I saw this following question in an exam. Take a Brownian motion simulation with drift 5% and annualized volatility of 20% for a period of 1 year. Then the annualized realized volatility of the sample path is

A. always <20%

B. always = 20%

C. = 5%

D. approximately 20%, but random

More generally, how to find the relationship between the annualized realized volatility of the simulated path and the volatility parameter in Brownian motion that generated the path?

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    $\begingroup$ It is randomly distributed according to a Chi Square distribution centered around 20%. $\endgroup$ – Alex C Aug 17 '19 at 17:47
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    $\begingroup$ It’s a fundamental theorem in statistics that sample variance of gaussian RVs is a chi-square. All explained here stats.stackexchange.com/a/121676. $\endgroup$ – Ivan Aug 17 '19 at 21:44
  • $\begingroup$ It's sampling statistics. If the population vol is 20%, then the vol of a random sample within that distribution will be close to but slightly different that of the population. The Chi^2 distribution is just the distribution of those sample vols if the samples are random and the underlying returns are normally distributed. $\endgroup$ – demully Aug 17 '19 at 22:29

Let's try a simple approach, ignoring the difference between sample and population variance, and assuming the process is just the standard brownian - with no drift and sigma term. Generalisation should be easy.

We define a process Y as equal to standard brownian, but we are assuming finite sampling with difference between two observations equal to $\Delta t$. So our process starts at zero:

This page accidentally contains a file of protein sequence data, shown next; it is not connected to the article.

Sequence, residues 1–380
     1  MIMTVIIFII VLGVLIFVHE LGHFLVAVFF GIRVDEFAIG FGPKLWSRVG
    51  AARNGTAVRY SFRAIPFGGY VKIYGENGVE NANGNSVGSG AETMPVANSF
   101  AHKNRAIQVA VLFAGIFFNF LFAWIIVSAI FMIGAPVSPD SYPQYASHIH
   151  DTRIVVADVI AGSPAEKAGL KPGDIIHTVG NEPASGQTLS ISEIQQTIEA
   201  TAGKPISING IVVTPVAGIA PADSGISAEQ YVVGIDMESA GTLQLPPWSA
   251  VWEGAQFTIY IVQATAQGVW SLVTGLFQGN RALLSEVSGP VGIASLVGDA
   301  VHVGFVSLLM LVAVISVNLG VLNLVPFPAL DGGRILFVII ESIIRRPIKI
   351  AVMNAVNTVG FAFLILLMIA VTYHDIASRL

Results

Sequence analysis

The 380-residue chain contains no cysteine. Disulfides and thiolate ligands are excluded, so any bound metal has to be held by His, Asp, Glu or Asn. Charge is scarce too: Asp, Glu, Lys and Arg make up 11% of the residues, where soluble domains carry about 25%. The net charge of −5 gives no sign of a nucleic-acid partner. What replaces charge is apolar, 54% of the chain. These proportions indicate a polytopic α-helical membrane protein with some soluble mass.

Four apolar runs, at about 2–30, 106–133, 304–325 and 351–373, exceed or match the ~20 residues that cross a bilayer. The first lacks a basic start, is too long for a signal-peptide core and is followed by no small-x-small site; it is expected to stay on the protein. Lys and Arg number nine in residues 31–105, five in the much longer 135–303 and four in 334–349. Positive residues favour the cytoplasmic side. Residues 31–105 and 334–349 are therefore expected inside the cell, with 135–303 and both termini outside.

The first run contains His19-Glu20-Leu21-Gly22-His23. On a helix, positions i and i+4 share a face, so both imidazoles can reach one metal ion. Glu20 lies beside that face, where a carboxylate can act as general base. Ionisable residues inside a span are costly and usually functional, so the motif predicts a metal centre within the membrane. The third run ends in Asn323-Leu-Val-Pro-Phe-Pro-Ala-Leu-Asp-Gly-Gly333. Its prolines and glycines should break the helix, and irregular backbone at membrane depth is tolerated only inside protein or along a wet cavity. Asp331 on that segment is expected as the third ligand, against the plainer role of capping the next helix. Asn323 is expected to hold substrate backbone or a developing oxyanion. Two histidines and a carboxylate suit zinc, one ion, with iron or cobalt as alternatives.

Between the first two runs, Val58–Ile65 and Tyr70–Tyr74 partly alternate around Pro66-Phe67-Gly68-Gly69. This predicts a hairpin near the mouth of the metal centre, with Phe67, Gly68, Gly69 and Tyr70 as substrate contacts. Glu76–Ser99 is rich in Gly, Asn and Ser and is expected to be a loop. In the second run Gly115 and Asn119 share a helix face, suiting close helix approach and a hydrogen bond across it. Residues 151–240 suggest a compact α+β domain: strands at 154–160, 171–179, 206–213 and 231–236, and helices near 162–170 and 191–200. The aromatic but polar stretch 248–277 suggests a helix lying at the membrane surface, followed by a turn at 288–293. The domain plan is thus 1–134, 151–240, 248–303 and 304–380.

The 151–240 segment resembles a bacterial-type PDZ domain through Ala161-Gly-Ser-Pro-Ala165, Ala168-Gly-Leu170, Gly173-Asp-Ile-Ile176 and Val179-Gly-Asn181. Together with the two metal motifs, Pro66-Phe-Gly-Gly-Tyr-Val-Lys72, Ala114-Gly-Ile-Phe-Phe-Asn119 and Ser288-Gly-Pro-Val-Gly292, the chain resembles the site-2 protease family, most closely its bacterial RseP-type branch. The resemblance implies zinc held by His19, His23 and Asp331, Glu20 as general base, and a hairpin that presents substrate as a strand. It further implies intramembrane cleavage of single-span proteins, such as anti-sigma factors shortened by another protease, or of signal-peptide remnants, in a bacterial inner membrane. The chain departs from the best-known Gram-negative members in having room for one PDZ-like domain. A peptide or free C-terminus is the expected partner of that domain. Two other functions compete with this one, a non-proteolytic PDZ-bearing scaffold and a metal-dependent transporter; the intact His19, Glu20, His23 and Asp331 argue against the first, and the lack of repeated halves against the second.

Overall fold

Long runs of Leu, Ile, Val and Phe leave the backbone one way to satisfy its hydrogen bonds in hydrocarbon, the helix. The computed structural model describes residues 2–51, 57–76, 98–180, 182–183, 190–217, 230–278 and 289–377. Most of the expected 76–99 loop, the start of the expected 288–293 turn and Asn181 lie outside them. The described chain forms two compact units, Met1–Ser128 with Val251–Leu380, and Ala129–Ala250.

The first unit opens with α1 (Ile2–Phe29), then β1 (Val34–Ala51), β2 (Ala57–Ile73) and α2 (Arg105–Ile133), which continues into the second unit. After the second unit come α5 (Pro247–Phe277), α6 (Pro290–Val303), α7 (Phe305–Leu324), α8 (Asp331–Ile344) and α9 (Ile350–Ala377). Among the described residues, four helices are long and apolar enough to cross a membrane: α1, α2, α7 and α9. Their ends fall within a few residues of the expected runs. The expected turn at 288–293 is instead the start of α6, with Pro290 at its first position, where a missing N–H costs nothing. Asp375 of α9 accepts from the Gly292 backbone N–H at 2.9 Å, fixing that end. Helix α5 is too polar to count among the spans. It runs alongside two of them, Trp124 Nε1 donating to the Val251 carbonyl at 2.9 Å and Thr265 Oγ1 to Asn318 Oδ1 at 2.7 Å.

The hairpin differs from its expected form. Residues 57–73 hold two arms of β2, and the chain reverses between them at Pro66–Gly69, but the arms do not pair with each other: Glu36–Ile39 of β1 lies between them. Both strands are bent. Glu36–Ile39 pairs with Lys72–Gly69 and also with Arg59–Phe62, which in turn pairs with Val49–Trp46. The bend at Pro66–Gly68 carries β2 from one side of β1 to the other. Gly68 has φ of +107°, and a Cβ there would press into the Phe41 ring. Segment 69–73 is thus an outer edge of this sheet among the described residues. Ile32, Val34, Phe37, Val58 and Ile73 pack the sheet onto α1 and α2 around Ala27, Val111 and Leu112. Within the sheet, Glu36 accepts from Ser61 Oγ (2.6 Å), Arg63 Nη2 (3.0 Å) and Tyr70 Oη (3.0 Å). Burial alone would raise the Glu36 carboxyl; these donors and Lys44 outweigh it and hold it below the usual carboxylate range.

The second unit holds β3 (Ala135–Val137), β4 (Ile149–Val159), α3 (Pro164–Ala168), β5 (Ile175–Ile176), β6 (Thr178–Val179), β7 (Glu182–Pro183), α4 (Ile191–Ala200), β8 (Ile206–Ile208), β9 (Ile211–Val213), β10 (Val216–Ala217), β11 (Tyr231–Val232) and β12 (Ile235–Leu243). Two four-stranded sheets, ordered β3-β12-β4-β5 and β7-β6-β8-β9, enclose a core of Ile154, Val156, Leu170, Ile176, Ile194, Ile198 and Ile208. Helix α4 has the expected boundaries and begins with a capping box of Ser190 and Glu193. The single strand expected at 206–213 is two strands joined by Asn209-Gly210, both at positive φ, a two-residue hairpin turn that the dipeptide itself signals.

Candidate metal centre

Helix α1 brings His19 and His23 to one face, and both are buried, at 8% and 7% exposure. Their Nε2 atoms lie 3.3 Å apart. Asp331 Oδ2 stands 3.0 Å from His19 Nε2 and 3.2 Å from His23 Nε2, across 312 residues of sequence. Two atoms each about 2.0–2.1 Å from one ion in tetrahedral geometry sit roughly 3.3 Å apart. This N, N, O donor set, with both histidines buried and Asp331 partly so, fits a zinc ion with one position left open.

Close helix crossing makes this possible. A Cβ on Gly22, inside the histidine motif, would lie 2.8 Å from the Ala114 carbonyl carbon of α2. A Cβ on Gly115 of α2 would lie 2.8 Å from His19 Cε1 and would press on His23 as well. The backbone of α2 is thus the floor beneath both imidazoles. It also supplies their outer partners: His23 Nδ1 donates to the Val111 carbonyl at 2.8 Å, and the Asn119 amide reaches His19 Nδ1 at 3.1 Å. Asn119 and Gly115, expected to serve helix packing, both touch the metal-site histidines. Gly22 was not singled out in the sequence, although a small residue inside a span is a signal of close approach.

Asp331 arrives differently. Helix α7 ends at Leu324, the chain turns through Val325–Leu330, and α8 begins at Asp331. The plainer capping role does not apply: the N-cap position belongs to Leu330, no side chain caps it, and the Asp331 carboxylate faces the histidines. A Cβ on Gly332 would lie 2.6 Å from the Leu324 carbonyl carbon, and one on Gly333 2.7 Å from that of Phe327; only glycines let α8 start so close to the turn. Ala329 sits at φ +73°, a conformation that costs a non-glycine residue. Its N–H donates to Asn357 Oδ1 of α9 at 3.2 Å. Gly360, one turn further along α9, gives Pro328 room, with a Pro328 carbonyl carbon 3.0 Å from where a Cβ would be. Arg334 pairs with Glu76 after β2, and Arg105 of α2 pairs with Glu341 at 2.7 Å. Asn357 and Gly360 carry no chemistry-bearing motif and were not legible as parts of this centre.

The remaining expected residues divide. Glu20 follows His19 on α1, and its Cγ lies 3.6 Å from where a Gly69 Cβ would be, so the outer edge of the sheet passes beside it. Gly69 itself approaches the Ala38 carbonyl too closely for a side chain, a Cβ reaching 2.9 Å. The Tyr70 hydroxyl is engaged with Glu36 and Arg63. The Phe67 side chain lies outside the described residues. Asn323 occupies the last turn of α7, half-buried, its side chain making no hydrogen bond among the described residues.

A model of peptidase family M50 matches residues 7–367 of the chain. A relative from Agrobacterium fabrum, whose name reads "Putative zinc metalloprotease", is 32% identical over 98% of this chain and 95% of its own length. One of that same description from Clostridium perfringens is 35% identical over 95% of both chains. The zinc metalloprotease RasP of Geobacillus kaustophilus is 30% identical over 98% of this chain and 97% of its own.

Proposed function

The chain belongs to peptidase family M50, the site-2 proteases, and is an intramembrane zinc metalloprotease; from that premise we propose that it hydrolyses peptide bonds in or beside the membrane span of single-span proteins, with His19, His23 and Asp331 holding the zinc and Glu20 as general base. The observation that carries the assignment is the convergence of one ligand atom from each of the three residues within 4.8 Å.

And the increments are normally distributed:

$ \left. Y_k \right|Y_{k-1}=N\left[Y_{k-1},\Delta t\right]$

We can write the process values at observation points $\left(t_1,t_2,\dots,t_n\right)$ using the standard normals, $Z_k$ as follows:

$Y_1=\sqrt{\Delta t}\,Z_1$

$Y_2=\sqrt{\Delta t}\left(Z_1+Z_2\right)$


$Y_n=\sqrt{\Delta t}\left(Z_1+Z_2+\dots+Z_n\right)$

Now we will calculate the sample realised variance (notice i am not paying attention to n and n-1 as per simplifying assumption!) of the process as follows:

$\sigma^2=\frac{1}{n} \sum_{k=1}^n{ \left(Y_k- E \left[ \left. Y_k \right|{Y_{k-1}}\right]\right)^2}$

Which in terms of Z's is:

$\sigma^2=\frac{1}{n} \sum_{k=1}^n{ \left(\sqrt{\Delta t} Z_k\right)^2}$

$=\frac{\Delta t}{n} \sum_{k=1}^n{ Z_k^2}$

And you know the sum of the squares of the n Normal is Chi-Square with n degree of freedom, hence the discussion in the comments. The mean is equal to DF, so if you have $n=\frac{1}{\Delta t}$ observations per year, then the average variance will be equal to $\Delta t$:

$E \left[ \sigma^2\right]=\frac{\Delta t}{n} n=\Delta t$

And your annualised variance will be simply $n \Delta t=1$. So the answer is D, as Alex put it "It is randomly distributed according to a Chi Square distribution centered around 20%"

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    $\begingroup$ Wonderful comments, wonderful answers $\endgroup$ – Fr1 Aug 19 '19 at 2:31

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